Typically, PPP contracts have financial implications for governments. Payment commitments under PPP contracts are often long-term, and can be contingent on risk. Types of Fiscal Commitments to PPPs sets out the different categories of risk inherent to PPPs. Managing these risks can create challenges for public financial management, which is generally geared to annual appropriations for expenditure. For this reason, PPP-specific approaches to public financial management have been developed.
Types of Fiscal Commitments to PPPs
Fiscal commitments to PPPs can be regular payments constituting all or part of the remuneration of the private party, a means to share risk, or a combination of the two. Common types of government fiscal commitments to PPPs include the following:
Direct liabilities are payment commitments that are not dependent on the occurrence of an uncertain future event (although there may be some uncertainty regarding their value). Direct liabilities arising from PPP contracts can include:
- "Viability gap" payments—a capital subsidy, which may be phased over construction based on achievement of milestones, or against equity investments. Alternatively, subsidies can be used to lower tariffs for targeted end-users so that they become affordable to them.
- Availability payments—a regular payment or subsidy over the lifetime of the project, usually conditional on the availability of the service or asset at a contractually specified quality. The payment may be adjusted with bonuses or penalties related to performance.
- Shadow tolls, or output-based payments—a payment or subsidy per unit or user of a service—for example, per kilometer driven on a toll road.
Contingent liabilities are payment commitments whose occurrence, timing, and magnitude depend on some uncertain future event. Explicit contingent liabilities under PPP contracts can include:
- Guarantees on particular risk variables—an agreement to compensate the private party for loss in revenue should a particular risk variable deviate from a contractually specified level. The associated risk is thereby shared between the government and the private party. For example, this could include guarantees on demand remaining above a specified level; or on exchange rates remaining within a certain range; or commitments to buy land needed for the project, or to pay compensation for relocation of people and activities.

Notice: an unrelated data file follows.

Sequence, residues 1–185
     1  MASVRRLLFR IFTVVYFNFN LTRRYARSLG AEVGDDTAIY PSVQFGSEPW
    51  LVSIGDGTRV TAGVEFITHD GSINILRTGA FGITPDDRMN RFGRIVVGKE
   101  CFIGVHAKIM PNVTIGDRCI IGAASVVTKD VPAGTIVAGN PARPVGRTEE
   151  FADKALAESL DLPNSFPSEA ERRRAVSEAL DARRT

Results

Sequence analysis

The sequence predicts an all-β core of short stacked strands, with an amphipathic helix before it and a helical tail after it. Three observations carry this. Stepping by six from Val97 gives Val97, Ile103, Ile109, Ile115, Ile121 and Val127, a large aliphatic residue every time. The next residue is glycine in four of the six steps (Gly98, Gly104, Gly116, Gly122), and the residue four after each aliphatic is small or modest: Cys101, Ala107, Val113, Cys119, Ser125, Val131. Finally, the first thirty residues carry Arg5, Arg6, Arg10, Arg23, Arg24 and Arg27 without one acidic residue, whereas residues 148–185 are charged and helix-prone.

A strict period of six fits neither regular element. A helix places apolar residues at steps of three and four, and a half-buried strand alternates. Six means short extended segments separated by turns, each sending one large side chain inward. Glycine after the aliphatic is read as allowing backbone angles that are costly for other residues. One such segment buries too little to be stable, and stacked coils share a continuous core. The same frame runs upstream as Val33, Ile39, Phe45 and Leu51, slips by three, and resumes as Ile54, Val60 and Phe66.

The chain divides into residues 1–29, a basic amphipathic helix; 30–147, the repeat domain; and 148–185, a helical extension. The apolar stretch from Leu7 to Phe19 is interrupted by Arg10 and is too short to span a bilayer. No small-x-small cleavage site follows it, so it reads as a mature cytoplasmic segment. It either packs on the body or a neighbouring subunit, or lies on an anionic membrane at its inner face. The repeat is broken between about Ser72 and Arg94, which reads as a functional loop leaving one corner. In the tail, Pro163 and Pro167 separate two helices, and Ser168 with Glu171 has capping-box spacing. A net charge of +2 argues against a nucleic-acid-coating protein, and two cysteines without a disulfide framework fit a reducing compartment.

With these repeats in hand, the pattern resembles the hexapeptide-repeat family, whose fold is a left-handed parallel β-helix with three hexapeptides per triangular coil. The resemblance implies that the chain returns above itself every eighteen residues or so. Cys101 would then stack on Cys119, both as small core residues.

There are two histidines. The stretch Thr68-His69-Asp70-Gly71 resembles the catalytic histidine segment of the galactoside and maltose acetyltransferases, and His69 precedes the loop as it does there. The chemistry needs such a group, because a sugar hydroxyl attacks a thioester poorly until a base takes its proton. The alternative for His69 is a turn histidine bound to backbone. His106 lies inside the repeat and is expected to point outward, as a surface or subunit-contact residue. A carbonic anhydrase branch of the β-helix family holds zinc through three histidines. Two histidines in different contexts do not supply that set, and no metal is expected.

- Compensation clauses—for example, a commitment to compensate the private party for damage or loss due to certain, specified, uninsurable force majeure events.
- Termination payment commitments—a commitment to pay an agreed amount, should the contract be terminated due to default by the public or private party—the amount may depend on the circumstances of default.
- Debt guarantees or other credit enhancements—a commitment to repay part or all of the debt used to finance a project. The guarantee could cover a specific risk or event. Guarantees are used to provide more security to a lender that their loan will be repaid.
- Litigation—potential litigation costs to government relating to PPP.
Every PPP contract also creates implicit contingent liabilities—moral obligations of governments reflecting public interest or political pressures. These include: cost of retendering or operating if operators go bankrupt; cost of expanding or redesigning service when PPP contract is overly rigid; and change in government policy.
Polackova and Schick’s edited volume on Government Contingent Liabilities (Polackova 1998) defines direct and contingent liabilities, and describes the fiscal risks posed by contingent liabilities in general.
Infrastructure Challenges and How PPPs Can Help describes some of the problems that commonly arise when the fiscal implications of PPPs are not carefully thought through. Without specific rules to address and manage fiscal risk, PPPs can be used to bypass budget constraints or borrowing limits and create hidden deficits for the Government, as illustrated by Kharas and Mishra’s paper (Kharas and Mishra 2001). Governments also often underestimate the cost of bearing risk under PPPs. This can result in significant levels of exposure to PPP-related risks that can jeopardize fiscal sustainability if not monitored and managed proactively.
This section provides guidance for practitioners on public financial management for PPPs, to help avoid these pitfalls. The following sections describe how governments can:
- Assess the fiscal implications of a proposed PPP project
- Control aggregate exposure to PPPs